Since the introduction of shared parental leave (SPL) in 2015, employers have been grappling with the tricky question of whether or not they are required to enhance SPL pay where they offer enhanced maternity pay.
Despite Government technical guidance stating that there is no legal obligation to match enhanced rates of maternity pay for parents taking SPL, many commentators suggested that failing to do so may ultimately result in successful discrimination claims by men.
Employers have been faced with the option of either enhancing SPL pay and absorbing the extra cost to the business or reducing their maternity benefits, neither of which are particularly attractive options. Many employers, therefore, have adopted a ‘wait and see’ approach, leaving in place enhanced maternity pay policies and statutory rates of SPL pay.
These policies have led to many prospective fathers being faced with the difficult decision of wanting to take shared parental leave but, by doing so, knowing their family will be financially worse off than if the mother-to-be took maternity leave.
Two recent cases have considered whether this practice by employers constitutes sex discrimination and their judgements have resulted in some helpful clarification, if not absolute certainty, on the lawfulness of this approach. The judgements in Capita v Ali, and in Hextall v Chief Constable of Leicestershire Police, all but closed the door on any claims of direct sex discrimination. However, the validity of a claim for indirect sex discrimination was not determined and, in the Hextall case, this issue has been remitted to the employment tribunal for re-consideration.
As the law stands, therefore, there remains no legal obligation for employers to enhance their SPL pay to the same extent that maternity pay is enhanced, but whether this approach is indirectly discriminatory is yet to be determined.
Should it be determined that failing to pay similar rates of maternity pay and SPL pay is indirectly discriminatory, affected employers will be open to discrimination claims primarily by their male employees. While it will then be open to the employer to objectively justify the difference in treatment, it may be difficult to do so in practice. Previous cases have indicated that employers will not be able to rely on cost alone as a reason for the continuation of otherwise unlawful discrimination.
Prudent employers will therefore be taking a step back and reconsidering the wider rationale behind these practices.
The most common justification for offering enhanced maternity pay is that it helps tackle the issue of gender inequality in the workplace by encouraging women to return to work after having a child. Some employers, however, are now considering alternative, gender neutral, approaches to achieve this aim. These may include:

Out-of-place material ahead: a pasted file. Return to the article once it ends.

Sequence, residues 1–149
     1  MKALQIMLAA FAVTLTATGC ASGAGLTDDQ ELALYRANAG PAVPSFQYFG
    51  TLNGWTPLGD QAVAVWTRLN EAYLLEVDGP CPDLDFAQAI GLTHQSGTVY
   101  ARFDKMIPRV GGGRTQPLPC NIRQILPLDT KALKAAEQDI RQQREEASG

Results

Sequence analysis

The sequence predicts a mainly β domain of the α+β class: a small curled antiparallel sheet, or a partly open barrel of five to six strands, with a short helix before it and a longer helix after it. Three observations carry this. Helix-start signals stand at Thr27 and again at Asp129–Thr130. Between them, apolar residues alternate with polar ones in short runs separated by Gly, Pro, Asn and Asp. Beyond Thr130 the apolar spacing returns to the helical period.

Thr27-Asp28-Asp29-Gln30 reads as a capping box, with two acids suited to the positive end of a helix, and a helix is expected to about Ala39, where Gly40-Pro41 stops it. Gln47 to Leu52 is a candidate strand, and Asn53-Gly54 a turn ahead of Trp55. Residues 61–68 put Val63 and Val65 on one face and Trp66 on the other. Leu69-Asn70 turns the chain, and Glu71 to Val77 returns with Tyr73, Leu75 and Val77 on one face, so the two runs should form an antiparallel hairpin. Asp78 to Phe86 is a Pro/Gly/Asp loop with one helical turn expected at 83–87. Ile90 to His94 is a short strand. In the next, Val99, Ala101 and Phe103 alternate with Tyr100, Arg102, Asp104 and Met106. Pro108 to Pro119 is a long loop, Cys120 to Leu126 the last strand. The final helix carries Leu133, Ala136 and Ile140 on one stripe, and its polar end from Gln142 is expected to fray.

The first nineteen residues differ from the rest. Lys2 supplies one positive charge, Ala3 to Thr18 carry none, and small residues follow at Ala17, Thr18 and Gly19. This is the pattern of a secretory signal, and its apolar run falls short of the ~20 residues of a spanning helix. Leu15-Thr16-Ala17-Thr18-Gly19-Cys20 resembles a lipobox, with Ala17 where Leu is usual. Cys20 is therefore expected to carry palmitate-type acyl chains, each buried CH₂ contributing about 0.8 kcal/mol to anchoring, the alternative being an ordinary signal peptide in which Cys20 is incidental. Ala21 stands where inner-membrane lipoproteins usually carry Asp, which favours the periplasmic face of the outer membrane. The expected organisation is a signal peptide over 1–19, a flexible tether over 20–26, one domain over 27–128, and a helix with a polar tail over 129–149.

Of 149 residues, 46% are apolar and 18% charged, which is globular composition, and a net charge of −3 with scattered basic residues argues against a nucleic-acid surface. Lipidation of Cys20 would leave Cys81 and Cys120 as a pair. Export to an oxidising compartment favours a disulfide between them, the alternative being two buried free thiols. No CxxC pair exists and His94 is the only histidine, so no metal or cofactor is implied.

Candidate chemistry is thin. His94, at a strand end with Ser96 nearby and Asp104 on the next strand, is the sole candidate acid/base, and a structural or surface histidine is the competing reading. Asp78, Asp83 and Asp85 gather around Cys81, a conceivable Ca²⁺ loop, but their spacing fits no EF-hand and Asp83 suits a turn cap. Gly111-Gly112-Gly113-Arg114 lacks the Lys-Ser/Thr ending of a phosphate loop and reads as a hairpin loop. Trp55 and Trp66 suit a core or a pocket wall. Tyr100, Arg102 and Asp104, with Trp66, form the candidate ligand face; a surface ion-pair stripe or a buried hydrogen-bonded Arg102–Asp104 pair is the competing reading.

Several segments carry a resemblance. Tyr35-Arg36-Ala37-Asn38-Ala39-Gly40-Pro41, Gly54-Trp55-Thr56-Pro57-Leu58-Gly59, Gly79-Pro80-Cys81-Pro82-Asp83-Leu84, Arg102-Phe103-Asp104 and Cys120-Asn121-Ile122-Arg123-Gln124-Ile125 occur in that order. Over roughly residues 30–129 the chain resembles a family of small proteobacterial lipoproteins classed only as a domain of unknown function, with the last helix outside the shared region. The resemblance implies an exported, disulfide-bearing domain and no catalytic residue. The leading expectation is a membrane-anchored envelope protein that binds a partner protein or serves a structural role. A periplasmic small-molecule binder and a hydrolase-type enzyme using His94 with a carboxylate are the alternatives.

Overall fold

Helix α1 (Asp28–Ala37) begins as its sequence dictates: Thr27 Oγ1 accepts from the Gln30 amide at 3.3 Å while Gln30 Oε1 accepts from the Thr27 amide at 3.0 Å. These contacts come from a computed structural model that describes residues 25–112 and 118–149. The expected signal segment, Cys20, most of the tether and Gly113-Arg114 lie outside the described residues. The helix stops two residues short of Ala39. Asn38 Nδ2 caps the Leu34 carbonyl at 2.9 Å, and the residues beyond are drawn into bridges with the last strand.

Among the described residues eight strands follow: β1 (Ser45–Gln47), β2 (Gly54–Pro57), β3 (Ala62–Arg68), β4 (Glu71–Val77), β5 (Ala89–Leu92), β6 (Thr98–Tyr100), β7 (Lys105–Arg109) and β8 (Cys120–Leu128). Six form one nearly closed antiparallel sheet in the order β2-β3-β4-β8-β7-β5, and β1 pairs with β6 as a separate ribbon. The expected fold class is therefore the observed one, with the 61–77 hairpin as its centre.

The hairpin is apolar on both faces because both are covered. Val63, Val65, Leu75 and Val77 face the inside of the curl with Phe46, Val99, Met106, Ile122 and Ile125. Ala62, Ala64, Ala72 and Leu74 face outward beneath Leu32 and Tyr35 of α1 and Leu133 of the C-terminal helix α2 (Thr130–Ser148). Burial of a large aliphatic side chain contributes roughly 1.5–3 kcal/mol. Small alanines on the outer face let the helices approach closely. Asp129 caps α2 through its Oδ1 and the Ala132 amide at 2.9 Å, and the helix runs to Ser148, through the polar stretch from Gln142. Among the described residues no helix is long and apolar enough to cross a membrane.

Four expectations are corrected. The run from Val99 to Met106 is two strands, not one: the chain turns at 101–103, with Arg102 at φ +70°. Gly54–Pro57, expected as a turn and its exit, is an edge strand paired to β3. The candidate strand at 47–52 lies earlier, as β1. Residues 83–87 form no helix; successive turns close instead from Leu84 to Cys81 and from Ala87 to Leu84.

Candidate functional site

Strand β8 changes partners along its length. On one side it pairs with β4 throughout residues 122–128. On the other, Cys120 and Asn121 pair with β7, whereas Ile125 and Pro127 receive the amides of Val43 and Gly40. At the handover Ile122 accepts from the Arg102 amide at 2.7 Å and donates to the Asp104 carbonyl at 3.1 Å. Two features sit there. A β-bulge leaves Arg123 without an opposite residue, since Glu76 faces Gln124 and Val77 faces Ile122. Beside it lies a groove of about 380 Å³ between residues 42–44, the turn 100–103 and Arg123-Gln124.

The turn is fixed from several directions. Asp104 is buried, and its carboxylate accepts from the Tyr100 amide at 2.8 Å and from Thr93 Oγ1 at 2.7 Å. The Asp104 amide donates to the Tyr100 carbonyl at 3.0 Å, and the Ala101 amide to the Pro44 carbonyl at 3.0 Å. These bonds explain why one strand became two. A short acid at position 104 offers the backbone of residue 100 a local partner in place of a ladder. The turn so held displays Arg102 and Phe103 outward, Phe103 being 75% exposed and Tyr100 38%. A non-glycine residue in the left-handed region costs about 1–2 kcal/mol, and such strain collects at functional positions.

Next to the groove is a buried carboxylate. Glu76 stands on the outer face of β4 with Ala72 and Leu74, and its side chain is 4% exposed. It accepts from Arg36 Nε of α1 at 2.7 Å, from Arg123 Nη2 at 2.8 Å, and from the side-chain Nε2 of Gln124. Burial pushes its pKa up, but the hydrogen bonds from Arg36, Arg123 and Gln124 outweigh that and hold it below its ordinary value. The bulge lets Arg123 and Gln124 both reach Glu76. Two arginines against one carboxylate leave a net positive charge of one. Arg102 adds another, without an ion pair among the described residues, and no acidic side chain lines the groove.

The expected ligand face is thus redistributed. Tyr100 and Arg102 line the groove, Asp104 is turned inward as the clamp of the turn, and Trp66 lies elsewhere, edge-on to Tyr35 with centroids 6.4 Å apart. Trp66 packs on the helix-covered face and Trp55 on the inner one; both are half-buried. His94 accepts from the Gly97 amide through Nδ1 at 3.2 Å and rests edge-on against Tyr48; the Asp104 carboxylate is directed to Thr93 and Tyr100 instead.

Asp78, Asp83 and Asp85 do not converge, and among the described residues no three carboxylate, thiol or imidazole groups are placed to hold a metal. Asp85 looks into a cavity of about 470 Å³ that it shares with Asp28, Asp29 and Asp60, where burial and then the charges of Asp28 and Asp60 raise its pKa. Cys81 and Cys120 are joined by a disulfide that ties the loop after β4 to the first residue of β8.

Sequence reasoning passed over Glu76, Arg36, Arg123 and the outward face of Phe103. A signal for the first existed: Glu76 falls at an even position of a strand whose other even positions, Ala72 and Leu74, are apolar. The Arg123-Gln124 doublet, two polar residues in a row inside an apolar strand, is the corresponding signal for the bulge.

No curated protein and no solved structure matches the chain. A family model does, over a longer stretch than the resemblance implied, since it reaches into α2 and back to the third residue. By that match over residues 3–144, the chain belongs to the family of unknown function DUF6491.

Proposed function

increasing the ability for employees to work flexibly and part-time; and
building a gender-diverse organisation through campaigns and initiatives designed to challenge assumptions around childcare responsibilities.
SPL was first introduced, in part, to address the gender imbalance of men and women taking parental leave. The latest figures released by the Department for Business, Innovations and Skills, however, show that less than 2% of eligible couples currently make use of SPL. Although cultural stigma and workplace norms are contributory factors for this low uptake, the financial detriment that many couples would face if they chose statutory SPL pay instead of enhanced maternity pay, has undoubtedly had a significant impact on parental leave decisions around the country.
At a time when tackling gender inequality in their workplace is of greater importance than ever to businesses, following the introduction of an annual obligation on larger employers to report their gender pay gap statistics, an enlightened approach to SPL could pay dividends by helping to tackle the indirect reasons whereby women have tended to fall behind their average male colleague in the career stakes.
By introducing policies that go beyond the legal minimum now and removing the disparity between enhanced maternity and shared parental pay, employers can avoid the murky waters of this uncertain area of law, as well as encourage workplace gender equality by adjusting traditionally female weighted parental leave provisions and attitudes. Employers might also find that such policies are another way of recruiting the best talent.
Mark Hamilton is a partner and George Fellows is a trainee at Dentons